February 5, 2019

Democrats have held the House for less than a month, but President Trump has been preparing for their arrival far longer.

Specifically, the president is worried about a long-held Democratic talking point: that Trump should release his tax returns. And once they eventually, inevitably ask the IRS for those records, Trump has a "two-pronged scheme" to fight back, Politico reports.

If the IRS privately gives House Democrats Trump's past tax records, they'll definitely leak them, committing a felony, a league of Treasury Department loyalists reportedly plan to argue. "So because Democrats can't be trusted to keep the documents private, they shouldn't get them in the first place," Politico writes of the first step in the Trump team's strategy.

Beyond that "nakedly partisan exercise," Trump's Treasury team also intends to subject the Democrats' request to "a quagmire of arcane legal arguments," Politico writes. There's no precedent for a Treasury Secretary blatantly refusing to hand over IRS files, so there's reportedly a chance Steven Mnuchin will do just that. The legal fight that ensues could continue "well into the 2020 campaign," Politico details.

The Treasury Department would only say "Mnuchin will review any request with the treasury general counsel for legality." The White House did not respond to a request for comment on the reported scheme, which you can read more about at Politico. Kathryn Krawczyk

10:44 a.m.

China is sanctioning four U.S. officials following recent sanctions announced by the Trump administration.

China has announced it will ban entry to Sens. Ted Cruz (R-Texas) and Marco Rubio (R-Fl.), as well as Rep. Chris Smith (R-N.J.) and Ambassador for Religious Freedom Sam Brownback, The Associated Press reports. The four officials have called out China for its human rights abuses in Xinjiang, The Washington Post notes.

This comes after the U.S. recently sanctioned several Chinese officials over China's human rights abuses against Uighur Muslims and other minorities; three officials were banned from visiting the U.S., according to the Post. Foreign Ministry spokeswoman Hua Chunying said on Monday that "Xinjiang affairs are China's internal affairs and the U.S. has no right to interfere in them," adding that "we urge the United States to immediately withdraw its wrong decision."

There "was no indication any of the four" U.S. officials China hit with sanctions actually "planned to travel to China," Axios observes. On Monday, Rubio reacted to the news by tweeting, "The Communist Party of #China has banned me from entering the country. I guess they don't like me?" Cruz, meanwhile, tweeted sarcastically, "Bummer. I was going to take my family to Beijing for summer vacation, right after visiting Tehran." Brendan Morrow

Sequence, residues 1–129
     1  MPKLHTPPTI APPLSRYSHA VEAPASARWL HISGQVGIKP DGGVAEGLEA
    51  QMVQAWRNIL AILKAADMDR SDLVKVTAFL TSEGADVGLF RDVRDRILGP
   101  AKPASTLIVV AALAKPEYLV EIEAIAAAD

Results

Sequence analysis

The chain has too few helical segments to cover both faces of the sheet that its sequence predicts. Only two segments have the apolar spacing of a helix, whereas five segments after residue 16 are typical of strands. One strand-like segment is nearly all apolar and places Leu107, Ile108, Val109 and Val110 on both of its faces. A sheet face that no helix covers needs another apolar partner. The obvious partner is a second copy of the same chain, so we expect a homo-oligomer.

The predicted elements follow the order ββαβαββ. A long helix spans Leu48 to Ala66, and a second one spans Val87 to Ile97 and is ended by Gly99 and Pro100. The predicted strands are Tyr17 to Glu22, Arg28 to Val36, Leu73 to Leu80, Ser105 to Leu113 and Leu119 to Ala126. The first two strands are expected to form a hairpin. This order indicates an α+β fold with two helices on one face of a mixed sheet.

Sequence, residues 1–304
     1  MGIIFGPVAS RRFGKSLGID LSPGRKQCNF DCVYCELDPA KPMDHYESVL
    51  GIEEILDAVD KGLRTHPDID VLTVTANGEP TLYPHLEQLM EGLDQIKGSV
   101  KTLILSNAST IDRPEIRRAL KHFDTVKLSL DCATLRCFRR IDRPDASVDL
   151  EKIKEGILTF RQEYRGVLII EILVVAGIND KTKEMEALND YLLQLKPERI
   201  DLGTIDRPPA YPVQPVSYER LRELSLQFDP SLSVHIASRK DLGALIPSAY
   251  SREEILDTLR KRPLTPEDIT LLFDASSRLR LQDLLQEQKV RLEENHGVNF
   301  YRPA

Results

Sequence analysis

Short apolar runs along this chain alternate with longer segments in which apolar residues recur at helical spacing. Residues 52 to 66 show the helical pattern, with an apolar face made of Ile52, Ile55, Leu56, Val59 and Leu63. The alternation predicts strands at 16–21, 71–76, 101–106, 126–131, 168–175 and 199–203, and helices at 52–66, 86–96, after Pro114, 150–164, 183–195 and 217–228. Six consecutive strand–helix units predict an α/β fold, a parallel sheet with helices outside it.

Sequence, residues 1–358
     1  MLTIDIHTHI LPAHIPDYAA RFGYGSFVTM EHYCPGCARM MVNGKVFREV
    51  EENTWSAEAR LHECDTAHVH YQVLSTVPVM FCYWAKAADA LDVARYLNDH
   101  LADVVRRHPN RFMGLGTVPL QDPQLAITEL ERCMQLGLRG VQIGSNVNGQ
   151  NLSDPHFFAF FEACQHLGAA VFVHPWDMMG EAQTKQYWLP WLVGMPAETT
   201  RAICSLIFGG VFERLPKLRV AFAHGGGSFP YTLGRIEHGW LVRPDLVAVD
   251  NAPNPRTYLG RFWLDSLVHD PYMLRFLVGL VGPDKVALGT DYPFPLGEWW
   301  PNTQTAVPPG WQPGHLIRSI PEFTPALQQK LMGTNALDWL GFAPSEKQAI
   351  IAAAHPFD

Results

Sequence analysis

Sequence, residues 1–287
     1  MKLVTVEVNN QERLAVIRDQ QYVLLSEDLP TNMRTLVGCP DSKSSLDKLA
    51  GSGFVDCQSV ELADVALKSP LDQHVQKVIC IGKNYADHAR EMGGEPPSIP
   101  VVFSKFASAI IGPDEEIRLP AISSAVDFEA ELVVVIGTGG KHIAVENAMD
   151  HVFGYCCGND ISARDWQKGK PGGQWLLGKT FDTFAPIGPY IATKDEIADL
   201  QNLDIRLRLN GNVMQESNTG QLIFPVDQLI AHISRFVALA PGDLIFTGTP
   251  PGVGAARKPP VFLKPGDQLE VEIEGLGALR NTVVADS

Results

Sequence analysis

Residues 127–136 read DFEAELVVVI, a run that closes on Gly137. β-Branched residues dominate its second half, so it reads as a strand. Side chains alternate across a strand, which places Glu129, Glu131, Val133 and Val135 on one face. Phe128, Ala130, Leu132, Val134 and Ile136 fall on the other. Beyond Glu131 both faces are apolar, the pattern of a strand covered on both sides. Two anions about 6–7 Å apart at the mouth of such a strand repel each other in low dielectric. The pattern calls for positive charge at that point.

10:25 a.m.

The Washington Redskins have officially announced the retirement of the team's 87-year-old name. Owner Dan Synder and head coach Ron Rivera are now working to come up with a new name and logo, and, of course, everyone has suggestions.

Some possible ideas include the Warriors — although it's possible the team will want to avoid overlap with the NBA's Golden State franchise — and the Red Tails, which would honor the Tuskegee Airmen, a group of Black military pilots who fought in World War II. The latter seems to be a popular choice, but another name that's gaining momentum is the Red Wolves, which doesn't have any significance other than sounding cool. NBA superstar Kevin Durant, who hails from the D.C.-area, is apparently a fan of the name, as are former NFL wide receiver Chad Johnson and Washington's current quarterback Dwayne Haskins.

Jon Jansen, a former offensive linemen for Washington, suggested the team be called the Hogs. That probably won't gain too many backers, but Jansen's logic is sound — back in the 1980s and early 1990s, when Washington was one of the league's premiere franchises, the team was known for its legendary offensive line, a unit affectionately known as the Hogs.

Whatever they choose, Washington probably won't go with a D.C.-themed moniker, as of some of the city's other professional teams, like MLB's Nationals, or the Capitals in the NHL, have. Traditionally, the Washington franchise, which for a long time was the only team located below the Mason-Dixon line, has considered itself a regional team. Tim O'Donnell

8:28 a.m.

President Trump appears to be accusing the Centers for Disease Control and Prevention of "lying" about COVID-19 to damage his re-election prospects.

Former Love Connection and Wheel of Fortune game show host Chuck Woolery in a tweet on Sunday baselessly accused the "CDC, media, Democrats, our doctors, not all but most," of "lying" about the pandemic while claiming this is "all about the election and keeping the economy from coming back, which is about the election." His tweet drew plenty of outrage, but not from Trump, who on Monday morning gave it his approval with a retweet.

"There's no public health strategy that exists that involves telling everyone not to believe anyone no matter what, including your own administration," NBC News' Benjy Sarlin wrote in response to Trump's retweet, while Politico's Kyle Cheney tweeted that it's "hard to underscore how dangerous" this is.

Trump backing the claim that his administration's CDC, and most doctors, are lying comes as the White House has recently sought to discredit Anthony Fauci, director of the National Institute of Allergy and Infectious Diseases, with an anonymous White House official telling reporters that "several White House officials are concerned about the number of times Dr. Fauci has been wrong on things."

Fauci recently revealed that even as the U.S. continues to set new records for number of new coronavirus cases, he hasn't briefed Trump on COVID-19 in about two months. He also suggested that his reputation for "speaking the truth at all times and not sugar-coating things" may be "one of the reasons why I haven't been on television very much lately." Brendan Morrow

7:58 a.m.

At this point in the 2020 presidential campaign, you would rather be presumptive Democratic nominee Joe Biden than President Trump. Biden has a lead of 9 percentage points in the polling averages by RealClearPolitics and The Washington Post, and 9.4 points as measured by FiveThirtyEight. He leads Trump, "in some cases outside the margin of error, in recent polls in the battleground states of Arizona, Florida, Michigan, North Carolina, Pennsylvania, and Wisconsin," the Post reports. Democratic congressional candidates are also crushing their GOP rivals in online donations, Politico reports, setting off alarm bells among Washington Republicans.